Cold GHD hair straighteners

GHD 4.2b hair straighteners with a new fuse.

Someone got in touch with a set of GHD 4.2B hair straighteners, which wouldn’t warm up.  Not even the light would come on.

Make and model:  GHD 4.2b hair straighteners

Cost of replacement:  £85.00

Cost of parts:  £2.89 (plus my time)

Hours spent on repair:  1 (plus testing)

Repair difficulty:  5/10

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 These older hair straighteners are well supported with spare parts and their design means that, with a systematic approach and basic test gear, the fault can be identified and parts replaced, fairly easily.

The thermal fuse on these straighteners can fail, even though the heating elements and associated wiring and circuitry is just fine.  A combination of age and accidental rough handling can affect the life of the fuse, so it was the first thing I checked on these straighteners.

It was first time lucky in this case.  The fuse tested open-circuit.  To prove that the rest of the circuit was working, I made a temporary short circuit to the fuse connection and the straighteners powered up OK.

Time to order a new fuse.  Using an eBay shop (SiriusHairUK), a fuse was ordered and it arrived very quickly, great service.

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With the fuse re-fitted and the heating element re-installed the rest of the hair straighteners were ready for reassembly.  Using basic tools, the straighteners went back together well and after final testing, they were ready for use again.

Tommee Tippee Perfect Prep Problems

The right formula for a poorly Tommee Tippee Perfect Prep Machine

The owner of this Perfect Prep machine had reported that it had not been used for a while, then filled with water, powered up and … nothing.

Make and model:  Tommee Tippee Perfect Prep

Cost of replacement:  £70

Cost of parts:  £3.69 (plus my time)

Hours spent on repair:  1 (plus testing)

Repair difficulty:  6/10

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FixItWorkshop, Worthing, June’18, Tommee Tippee Perfect Prep.

I’ve repaired a machine like this before and I already had a theory about the problem, which went like this:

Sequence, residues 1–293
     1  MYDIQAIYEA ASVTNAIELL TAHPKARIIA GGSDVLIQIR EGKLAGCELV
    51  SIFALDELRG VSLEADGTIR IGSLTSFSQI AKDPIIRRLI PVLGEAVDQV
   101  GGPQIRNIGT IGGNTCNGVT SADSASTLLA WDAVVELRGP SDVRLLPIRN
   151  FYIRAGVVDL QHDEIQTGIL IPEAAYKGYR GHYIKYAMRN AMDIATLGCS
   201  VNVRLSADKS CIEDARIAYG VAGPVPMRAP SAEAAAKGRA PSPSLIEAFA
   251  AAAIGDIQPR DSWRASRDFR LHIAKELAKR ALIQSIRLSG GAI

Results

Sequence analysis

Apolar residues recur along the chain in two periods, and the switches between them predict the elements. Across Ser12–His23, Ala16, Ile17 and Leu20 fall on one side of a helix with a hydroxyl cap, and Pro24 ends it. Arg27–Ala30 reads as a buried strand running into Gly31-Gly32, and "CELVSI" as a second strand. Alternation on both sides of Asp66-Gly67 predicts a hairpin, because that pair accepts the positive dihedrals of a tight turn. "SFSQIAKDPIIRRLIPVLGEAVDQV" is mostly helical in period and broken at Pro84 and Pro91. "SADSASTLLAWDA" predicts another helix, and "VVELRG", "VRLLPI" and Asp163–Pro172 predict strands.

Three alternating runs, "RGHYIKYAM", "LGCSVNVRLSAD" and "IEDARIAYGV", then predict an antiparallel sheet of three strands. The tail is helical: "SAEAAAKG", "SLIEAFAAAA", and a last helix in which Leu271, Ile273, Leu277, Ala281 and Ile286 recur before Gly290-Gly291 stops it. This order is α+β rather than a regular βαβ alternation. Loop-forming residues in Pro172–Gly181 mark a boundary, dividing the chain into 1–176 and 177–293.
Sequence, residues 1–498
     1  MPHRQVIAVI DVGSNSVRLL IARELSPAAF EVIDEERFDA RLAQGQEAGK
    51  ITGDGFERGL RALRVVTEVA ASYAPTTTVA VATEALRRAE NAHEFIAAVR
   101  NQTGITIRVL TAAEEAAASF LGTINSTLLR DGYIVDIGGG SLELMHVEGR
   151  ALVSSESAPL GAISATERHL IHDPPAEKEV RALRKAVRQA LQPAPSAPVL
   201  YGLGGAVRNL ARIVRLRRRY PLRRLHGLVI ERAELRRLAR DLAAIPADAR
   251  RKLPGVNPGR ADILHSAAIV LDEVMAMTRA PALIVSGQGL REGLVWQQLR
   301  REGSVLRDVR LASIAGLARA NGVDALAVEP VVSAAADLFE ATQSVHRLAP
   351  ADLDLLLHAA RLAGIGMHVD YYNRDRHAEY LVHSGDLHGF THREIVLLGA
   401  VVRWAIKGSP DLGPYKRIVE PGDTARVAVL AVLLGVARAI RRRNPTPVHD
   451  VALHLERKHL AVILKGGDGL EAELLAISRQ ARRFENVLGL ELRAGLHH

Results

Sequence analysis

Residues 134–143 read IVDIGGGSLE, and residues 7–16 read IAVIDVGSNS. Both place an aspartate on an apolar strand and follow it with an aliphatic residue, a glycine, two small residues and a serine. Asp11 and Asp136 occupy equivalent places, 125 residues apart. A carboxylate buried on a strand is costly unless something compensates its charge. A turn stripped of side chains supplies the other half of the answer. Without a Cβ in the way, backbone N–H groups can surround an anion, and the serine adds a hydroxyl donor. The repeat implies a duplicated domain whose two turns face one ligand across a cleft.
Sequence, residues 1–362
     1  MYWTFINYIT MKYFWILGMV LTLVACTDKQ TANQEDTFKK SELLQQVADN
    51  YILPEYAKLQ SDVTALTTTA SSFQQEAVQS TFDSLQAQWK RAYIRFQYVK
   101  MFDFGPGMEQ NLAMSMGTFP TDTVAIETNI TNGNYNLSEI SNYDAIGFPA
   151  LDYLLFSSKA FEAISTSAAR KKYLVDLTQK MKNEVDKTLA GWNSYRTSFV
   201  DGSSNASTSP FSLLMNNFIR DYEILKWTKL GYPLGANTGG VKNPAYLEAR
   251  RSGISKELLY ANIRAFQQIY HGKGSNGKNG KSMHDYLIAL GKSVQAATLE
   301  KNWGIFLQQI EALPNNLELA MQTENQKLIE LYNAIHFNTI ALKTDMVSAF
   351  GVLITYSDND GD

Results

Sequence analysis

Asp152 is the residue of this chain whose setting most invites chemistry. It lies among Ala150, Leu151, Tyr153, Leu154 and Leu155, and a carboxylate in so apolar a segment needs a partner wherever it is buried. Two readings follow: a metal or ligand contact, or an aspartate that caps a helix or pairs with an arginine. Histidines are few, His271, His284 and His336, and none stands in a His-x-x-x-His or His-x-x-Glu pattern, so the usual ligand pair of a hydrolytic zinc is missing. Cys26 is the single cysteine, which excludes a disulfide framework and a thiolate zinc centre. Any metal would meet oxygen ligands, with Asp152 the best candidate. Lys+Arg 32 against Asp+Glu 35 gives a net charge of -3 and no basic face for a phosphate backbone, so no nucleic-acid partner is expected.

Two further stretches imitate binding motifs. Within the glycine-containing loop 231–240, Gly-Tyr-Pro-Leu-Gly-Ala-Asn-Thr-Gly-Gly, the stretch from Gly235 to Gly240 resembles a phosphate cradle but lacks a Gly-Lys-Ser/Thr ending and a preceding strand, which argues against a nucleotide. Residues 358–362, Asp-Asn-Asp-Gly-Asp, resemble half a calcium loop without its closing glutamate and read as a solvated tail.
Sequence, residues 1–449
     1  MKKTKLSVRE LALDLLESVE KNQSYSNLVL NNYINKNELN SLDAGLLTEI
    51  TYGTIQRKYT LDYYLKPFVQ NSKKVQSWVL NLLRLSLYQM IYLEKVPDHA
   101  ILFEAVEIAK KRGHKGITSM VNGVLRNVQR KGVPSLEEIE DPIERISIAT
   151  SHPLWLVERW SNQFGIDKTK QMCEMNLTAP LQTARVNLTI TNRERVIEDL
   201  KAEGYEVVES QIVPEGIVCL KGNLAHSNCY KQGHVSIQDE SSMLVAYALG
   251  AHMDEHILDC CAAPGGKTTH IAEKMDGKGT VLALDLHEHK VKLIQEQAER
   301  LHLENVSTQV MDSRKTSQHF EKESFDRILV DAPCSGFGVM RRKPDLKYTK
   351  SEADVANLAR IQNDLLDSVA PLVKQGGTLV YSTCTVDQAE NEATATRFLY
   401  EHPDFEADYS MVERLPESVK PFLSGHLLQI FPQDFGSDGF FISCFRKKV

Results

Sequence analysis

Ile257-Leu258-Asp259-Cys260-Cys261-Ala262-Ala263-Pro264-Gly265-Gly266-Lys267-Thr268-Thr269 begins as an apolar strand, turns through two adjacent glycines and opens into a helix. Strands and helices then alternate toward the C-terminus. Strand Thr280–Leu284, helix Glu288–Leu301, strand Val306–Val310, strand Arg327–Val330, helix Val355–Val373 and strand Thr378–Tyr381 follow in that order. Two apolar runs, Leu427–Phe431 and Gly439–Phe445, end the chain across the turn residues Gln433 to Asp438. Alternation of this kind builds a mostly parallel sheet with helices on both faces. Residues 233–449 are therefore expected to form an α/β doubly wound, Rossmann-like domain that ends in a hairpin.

• Machine not used for a while; watery scale deposits built-up in machine
  • Machine filled with water, with possible air-lock present
  • Air-lock causes bubble in heater, causing it to temporarily over-heat, safety thermal fuses blow

Dead machine.

At this stage, it was only a theory, so the only thing to do was to start wielding screwdrivers.

A few quick checks revealed that mains power was not getting to the main controller in the machine, which indicated that the safety thermal cut-out fuses had failed.  There are two on this machine.  A quick test with the multi-meter confirmed that both had failed.

After some dismantling, both fuses could be removed from the wiring harness.  Fuses like these are not available from the high street usually, but they are readily available online.  The manufacturer had used crimps to attach the fuses to the wiring, but I decided to solder the new ones back in place.  Care had to be taken as the melting point of solder is very close to the thermal rating of the fuses, so I came up with the idea of using a damp cloth wrapped around the fuse while doing the soldering.  A bit tricky!

Both fuses replaced meant that the unit powered-up and worked.  Great.

However, I wasn’t totally convinced that an air-lock wouldn’t happen again so I looked deeper at the machine’s plumbing.  There appeared to be a kink in one of the boiler tube feed pipes, so I decided to cut some material away, to prevent the pipe restricting water flow in future.

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All back together, the machine worked well once again.